Here, a young woman urgently directs her mother’s attention to the reality of police shooting thugs just outside their home.

The imagery unfolds, with them peeping through the gates, to watch the scene amidst the blasts that rend the air.

This public execution, though it might sound like drama to the Kenyan affluent, summarizes the cruel daily life in Eastlando.


The song Dilated is a collaborative showcase of punchlines from the trio. Yet, head-to-head, it can’t beat the heavyweight status of  “Punchline Kibao” by Ibra Da Hustla, Kimya, and Johnny Vigeti.

It manages to serve a purpose in providing the essential slowdown required to usher in the next track.


With a classic drill music beat featuring a violin, Njege/Sanse is our Kenya’s “F*kc the Police.”

Munga vents his frustrations about arbitrary arrests with an impassioned hook “Njege masanse wakwende!/wananifinya kende juu ya kuseti kwangu.”

In a sly twist, he throws shade at the now-faded socialite Vera Sidika taking aim at her ever-changing skin pigmentation. Sewersydaa maintains a calm yet resolute demeanor. He calls for the President’s resignation and paints a stark picture of the corruption-infested society around him.

One can only imagine the lyrical fireworks  Scar would’ve ignited with such a charged theme.

Wapi na Nani

Wapi na Nani is nothing out of the ordinary. But it stands as an anthem for Easlando thugs and Boda Boda roaring through Nairobi streets on motorbikes.

The guest appearance by Sir Bwoy didn’t make a splash, but one can’t deny the compatibility of all verses.

Notably absent, Scar Mkadinali leaves the spotlight to Sewersydaa, who throws a sharp line for his counterpart. He promises, “tutakuwachia Scar kwa face tuanze kukuita Montana.” This song is for the discerning listener who appreciates street-level wordplay.


The infectious anthemNyaranyara,” is the ultimate Covid-19 lockdown banger. It secures its status as the absolute fan favorite. It has the highest Spotify streams within the “Victims of Madness” album after two months.

Sewersydaa takes the podium and swings for the fence, passionately advocating for the legalization of weed. He raps the line “ngwa-East imepeleka vijana wengi Inda it’s high time Kenya ikuwe legal.”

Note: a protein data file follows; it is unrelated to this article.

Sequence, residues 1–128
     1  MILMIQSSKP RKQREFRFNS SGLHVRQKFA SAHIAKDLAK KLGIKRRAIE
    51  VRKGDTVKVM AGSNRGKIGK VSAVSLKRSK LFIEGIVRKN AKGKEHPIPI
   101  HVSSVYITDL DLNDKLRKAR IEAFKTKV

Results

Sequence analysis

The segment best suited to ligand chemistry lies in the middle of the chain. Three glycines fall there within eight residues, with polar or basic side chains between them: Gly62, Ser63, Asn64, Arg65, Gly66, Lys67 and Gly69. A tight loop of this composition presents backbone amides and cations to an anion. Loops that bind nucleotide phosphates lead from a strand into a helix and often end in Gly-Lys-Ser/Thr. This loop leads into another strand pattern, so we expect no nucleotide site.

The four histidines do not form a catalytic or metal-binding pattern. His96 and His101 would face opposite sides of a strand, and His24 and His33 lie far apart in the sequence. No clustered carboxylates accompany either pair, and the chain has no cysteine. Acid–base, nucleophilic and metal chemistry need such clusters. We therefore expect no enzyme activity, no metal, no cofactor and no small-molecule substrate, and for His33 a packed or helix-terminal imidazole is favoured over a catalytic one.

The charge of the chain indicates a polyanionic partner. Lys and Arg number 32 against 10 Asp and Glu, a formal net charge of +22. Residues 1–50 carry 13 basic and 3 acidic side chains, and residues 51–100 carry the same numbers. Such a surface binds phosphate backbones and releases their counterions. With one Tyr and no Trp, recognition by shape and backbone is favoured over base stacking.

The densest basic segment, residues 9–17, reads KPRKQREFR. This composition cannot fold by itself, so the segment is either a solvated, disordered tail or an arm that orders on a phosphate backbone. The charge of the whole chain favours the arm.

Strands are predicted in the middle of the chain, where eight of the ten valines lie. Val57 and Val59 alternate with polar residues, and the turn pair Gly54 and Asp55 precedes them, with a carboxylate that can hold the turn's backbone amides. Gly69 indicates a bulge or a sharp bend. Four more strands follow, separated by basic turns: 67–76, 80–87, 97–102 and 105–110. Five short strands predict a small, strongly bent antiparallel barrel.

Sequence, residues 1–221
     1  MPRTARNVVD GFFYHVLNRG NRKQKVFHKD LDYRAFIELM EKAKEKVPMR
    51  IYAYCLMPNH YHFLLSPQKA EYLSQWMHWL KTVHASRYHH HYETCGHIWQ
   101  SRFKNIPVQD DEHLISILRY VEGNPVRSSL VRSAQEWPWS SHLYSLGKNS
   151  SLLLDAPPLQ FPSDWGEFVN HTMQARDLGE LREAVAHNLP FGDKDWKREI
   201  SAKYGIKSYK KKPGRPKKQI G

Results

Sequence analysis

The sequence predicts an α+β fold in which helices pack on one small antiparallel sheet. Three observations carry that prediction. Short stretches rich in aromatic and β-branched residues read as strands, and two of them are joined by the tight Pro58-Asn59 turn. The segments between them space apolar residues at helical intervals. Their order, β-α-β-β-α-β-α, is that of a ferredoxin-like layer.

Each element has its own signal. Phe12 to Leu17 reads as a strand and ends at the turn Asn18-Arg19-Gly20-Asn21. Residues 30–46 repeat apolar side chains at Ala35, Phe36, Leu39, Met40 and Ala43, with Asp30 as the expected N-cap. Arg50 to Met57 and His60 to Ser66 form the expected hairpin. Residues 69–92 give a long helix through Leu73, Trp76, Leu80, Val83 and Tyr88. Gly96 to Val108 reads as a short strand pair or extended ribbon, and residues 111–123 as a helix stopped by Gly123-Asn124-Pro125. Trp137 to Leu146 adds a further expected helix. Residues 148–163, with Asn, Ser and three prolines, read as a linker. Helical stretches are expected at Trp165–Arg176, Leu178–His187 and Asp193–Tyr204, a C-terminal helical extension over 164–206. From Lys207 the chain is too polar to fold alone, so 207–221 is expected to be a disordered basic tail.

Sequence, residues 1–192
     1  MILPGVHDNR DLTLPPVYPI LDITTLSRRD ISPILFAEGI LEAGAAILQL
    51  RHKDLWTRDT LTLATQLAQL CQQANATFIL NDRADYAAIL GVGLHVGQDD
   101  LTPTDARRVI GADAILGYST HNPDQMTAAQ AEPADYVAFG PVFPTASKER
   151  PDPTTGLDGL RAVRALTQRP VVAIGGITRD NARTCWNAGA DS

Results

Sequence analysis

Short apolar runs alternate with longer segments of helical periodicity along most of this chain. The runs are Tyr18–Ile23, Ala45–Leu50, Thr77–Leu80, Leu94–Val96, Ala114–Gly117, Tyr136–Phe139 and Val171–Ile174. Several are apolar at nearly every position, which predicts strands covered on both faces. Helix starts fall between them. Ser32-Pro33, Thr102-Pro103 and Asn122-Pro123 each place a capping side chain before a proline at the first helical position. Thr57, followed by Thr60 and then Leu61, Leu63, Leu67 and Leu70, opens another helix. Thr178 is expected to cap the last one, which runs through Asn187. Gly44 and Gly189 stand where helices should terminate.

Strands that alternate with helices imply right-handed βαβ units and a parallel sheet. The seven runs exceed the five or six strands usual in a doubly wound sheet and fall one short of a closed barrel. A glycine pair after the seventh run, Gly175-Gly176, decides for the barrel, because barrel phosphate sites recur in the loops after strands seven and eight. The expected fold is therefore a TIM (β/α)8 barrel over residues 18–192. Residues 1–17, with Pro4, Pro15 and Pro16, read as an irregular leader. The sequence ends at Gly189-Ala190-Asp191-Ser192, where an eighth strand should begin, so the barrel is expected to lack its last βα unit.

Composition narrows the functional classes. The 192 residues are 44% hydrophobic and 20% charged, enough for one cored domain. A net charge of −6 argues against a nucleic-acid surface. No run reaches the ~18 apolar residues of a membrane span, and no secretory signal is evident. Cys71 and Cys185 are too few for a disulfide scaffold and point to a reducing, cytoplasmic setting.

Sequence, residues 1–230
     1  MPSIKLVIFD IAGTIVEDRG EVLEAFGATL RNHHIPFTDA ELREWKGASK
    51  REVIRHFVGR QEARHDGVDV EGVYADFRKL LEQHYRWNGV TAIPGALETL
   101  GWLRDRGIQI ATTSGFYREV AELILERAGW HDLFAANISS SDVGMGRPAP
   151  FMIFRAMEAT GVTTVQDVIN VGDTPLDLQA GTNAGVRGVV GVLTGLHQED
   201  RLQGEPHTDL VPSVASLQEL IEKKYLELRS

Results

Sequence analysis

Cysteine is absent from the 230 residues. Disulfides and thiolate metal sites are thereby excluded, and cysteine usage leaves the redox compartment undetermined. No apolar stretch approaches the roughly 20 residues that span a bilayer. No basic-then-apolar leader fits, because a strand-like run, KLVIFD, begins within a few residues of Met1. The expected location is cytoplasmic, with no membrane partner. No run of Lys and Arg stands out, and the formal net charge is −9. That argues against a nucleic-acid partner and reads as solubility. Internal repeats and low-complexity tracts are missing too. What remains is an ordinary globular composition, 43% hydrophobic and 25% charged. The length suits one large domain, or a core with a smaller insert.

Domani Munga steps into the ring with punchlines like “sikumeet huyo msichana/nilidate hiyo vagina.” He also sends shout-outs to the now defunct Insyder magazine founded by Adam Nyakundi.

Scar returns with a statement, hyping Sewesydaa’s plea with a dash of swagger, declaring, “sanse atokee hii ngwai haizimwi.”

He echoes the ominous warnings Eastland’s police issue to hardened criminals “OCS OCS alisema tupotee na tusiwai rudi mjini.”

In ‘Eastlando,’ such ultimatums often culminate in tragic outcomes, leaving behind a trail of casualties. Mostly this statement ends up with dead bodies and heartbroken parents.

Pima Poa

Pima Poa is a phrase that echoes through the Kenyan mainstream and the black market. While the track’s title stands out as a clever choice, the verses may not resonate with the typical fan. It’s much deeper than rap and you’ll have to go beyond the straightforward exterior.

Kim Jong Un

In all honesty,Kim Jong Un,” bearing the infamous moniker of the North Korean Supreme Leader, emerges as the crown jewel of the “Victims of Madness” album and the entire  Kenyan hip-hop scene.

Domani Munga’s crafting of tighter hooks within this tape than Nyashinski ever did for the Kleptomaniax supports this assertion. Sewersydaa holds his own in “a bed of roses.”

Umoja 2 earns a mention in the track’s hook, elevating the neighborhood to a stature almost parallel to Dandora, solidifying its position as a Hip-hop haven.

Avoid Those People

A star-studded lineup convenes to illuminate the Kenyan hip-hop scene in Avoid Those People.”

Wakadinali gathers Boutross, Breeder LW, Elisha Elai, and Dyana Cods with the legendary Abbas Kubaff as the chief guest.

Each rapper attacks the track in a bid to outshine their counterparts. “Avoid Those People” is a typical Rong Rende track and Wakadinali delivers a strong performance.

Dyana Cods effortlessly overshadows Boutross while Breeder LW’s ability remains enigmatic in Kenyan drill music space.

Elisha Elai faces the daunting task of measuring up to the likes of Swaleh, Zakah, Kah, and Ramsizo all hailing from Dandora.

The marathon proves challenging for Abass, leaving one astonished, considering his legacy as the artist behind hits like  “2050” (featuring Malik and Chiwawa) and “Mo Fire” (featuring CLD and produced by Hiram).


Lockdownregisters as a track with relatively little impact on the overall product.

On the grand scale, the “Victims of Madness” album by Wakadinali finds its place alongside E-sir’s 2002 “Nimefika” album. It stands as a revelation of raw talent and a potent symbol of resilience, firmly establishing Wakadinali as a household name. 

As fame beckons, so does the tide of haters, and this reality finds its echo in the near-immortal words of Arcane League of Legends “Oh the misery, everybody wants to be my enemy!”

Rating: 8 Out of 10